Is standing 6 hours in line a sign of things to come? (By Itamar and Steve)

We arrived at the Bella Center this morning to discover a line over 500m long of people waiting. We were able to discern that the line for everybody who hasn’t checked in to receive their official UN credentials required to attending the conference.  Temperature was near 0 degrees (C) and the line was moving incredibly slow. No UN official was in sight and there was no formal explanation for why the line was so long or how long we would wait.  After about four hours of standing in the cold a guy announced over the bullhorn that whoever is not within the fenced perimeter (i.e. us) should expect an additional waiting period of 3-6 hours. At this point, our delegation split with some of us heading to town and some staying in line, only to give up about 3 hours later when no progress was made.  A rumor circulated that no more people were admitted because the venue has reached capacity.

To put this in context, admittance to the conference was not supposed to be on a “first come, first serve” basis. Tuck submitted a formal application back in August specifying the number and names of all delegates attending. Therefore, one would assume that the UN would not “oversell” the conference and have a better process in place for which to allow the delegates to sign in. We wonder whether this incredible gap between logistics “policy formulation” and “policy execution” should also raise questions about a similar gap in the conference’s content subject matters.

We see the need for efficient and quick action as a key component of any agreement on climate change trying to successfully deal with this challenge.  Is the incredible lack of efficiency we’ve experienced thus far a sign of what’s to come?

PS (added by Prof. Sundaram): I am told — by someone in the know — that 40,000 conference registration slots were handed out for a venue, the Bella Center, that has 15,000 max capacity. Hmmmmm. It leads me to think: we’d better not to put these folks in charge of handing out emissions allowances in a cap-and-trade world.

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5 Responses so far »

  1. 1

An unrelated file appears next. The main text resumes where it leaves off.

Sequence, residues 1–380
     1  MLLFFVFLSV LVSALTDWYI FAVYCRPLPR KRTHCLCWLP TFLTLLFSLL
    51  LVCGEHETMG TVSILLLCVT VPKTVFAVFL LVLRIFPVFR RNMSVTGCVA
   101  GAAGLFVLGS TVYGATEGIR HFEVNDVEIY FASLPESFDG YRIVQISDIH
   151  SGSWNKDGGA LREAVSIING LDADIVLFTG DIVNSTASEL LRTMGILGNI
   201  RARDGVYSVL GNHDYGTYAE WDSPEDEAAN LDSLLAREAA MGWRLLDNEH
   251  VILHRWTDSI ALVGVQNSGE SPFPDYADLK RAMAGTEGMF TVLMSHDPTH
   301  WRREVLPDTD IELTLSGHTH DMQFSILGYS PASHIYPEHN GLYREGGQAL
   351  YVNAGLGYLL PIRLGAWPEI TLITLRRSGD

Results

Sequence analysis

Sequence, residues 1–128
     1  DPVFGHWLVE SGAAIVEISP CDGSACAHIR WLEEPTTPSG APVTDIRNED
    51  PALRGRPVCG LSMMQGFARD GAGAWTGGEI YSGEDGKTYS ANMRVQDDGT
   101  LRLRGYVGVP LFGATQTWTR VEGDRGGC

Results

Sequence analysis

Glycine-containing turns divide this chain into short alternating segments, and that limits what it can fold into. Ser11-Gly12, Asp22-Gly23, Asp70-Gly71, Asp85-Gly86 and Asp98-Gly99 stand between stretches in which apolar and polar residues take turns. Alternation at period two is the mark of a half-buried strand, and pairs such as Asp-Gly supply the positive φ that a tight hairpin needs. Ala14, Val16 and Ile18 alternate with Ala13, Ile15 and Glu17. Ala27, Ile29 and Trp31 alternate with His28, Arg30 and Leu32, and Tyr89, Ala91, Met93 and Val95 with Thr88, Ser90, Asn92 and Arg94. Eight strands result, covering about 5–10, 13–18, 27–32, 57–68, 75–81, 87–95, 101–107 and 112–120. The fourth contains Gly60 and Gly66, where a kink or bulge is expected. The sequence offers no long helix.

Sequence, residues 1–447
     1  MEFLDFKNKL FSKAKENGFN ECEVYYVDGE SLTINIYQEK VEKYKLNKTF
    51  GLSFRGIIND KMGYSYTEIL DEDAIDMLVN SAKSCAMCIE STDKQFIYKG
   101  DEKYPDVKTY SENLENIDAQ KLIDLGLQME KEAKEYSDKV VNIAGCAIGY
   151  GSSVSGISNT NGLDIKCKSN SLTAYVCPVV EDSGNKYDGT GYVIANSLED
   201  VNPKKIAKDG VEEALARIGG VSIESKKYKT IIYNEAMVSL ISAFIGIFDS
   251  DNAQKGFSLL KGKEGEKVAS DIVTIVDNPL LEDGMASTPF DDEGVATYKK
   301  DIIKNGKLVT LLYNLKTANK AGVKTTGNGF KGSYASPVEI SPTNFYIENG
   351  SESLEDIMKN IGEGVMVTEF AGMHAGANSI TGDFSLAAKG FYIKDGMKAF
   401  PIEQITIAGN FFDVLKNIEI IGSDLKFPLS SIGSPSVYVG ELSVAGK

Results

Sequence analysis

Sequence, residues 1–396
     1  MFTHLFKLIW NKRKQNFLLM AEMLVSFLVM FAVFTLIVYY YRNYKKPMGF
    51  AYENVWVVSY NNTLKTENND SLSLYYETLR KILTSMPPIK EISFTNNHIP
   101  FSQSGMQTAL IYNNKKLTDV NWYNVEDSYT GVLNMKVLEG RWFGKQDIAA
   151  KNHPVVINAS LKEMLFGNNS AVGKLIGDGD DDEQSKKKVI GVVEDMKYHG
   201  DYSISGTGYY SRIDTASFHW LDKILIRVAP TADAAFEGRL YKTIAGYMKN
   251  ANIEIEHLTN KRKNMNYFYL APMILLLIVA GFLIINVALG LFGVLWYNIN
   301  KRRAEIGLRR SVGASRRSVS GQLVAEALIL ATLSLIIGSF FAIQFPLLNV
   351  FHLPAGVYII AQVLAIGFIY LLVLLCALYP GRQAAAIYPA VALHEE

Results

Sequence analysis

[...] their classmates abreast of the climate negotiations at the conference. One of the more recent entries is titled “Is Standing 6 Hours in Line a Sign of Things to Come?” The post, written by students [...]

  2. 2

    faith beasley said,

    Indeed NPR reported today that the conference center was built to accomodate 15,000 people but that 45,000 had registered for the conference. Good thing you all were used to Hanover weather!

  3. 3

    Bob Hansen said,

    Yikes. These are the guys who are going to regulate world wide carbon emissions and they can’t even run a little conference? Oh boy. It sounds like you are having a lot more patience than I would in such a situation.

    Here’s a thought: Maybe a little profit motive needs to be brought in for the conference organizers. Does anyone make more or less money if the conference goes smoothly or not?

    Stay warm.

    bob h

  4. 4

    anant said,

    A simple solution for the future would be to outsource conference organization to a (private) company that does this for a living. Better yet, to the folks who organized the Beijing Olympics!

    The UNFCCC is obviously incapable. (After all, it is not COP1 or COP2….. but #15!!)

  5. 5

    [...] their classmates abreast of the climate negotiations at the conference. One of the more recent entries is titled “Is Standing 6 Hours in Line a Sign of Things to Come?” The post, written by students [...]


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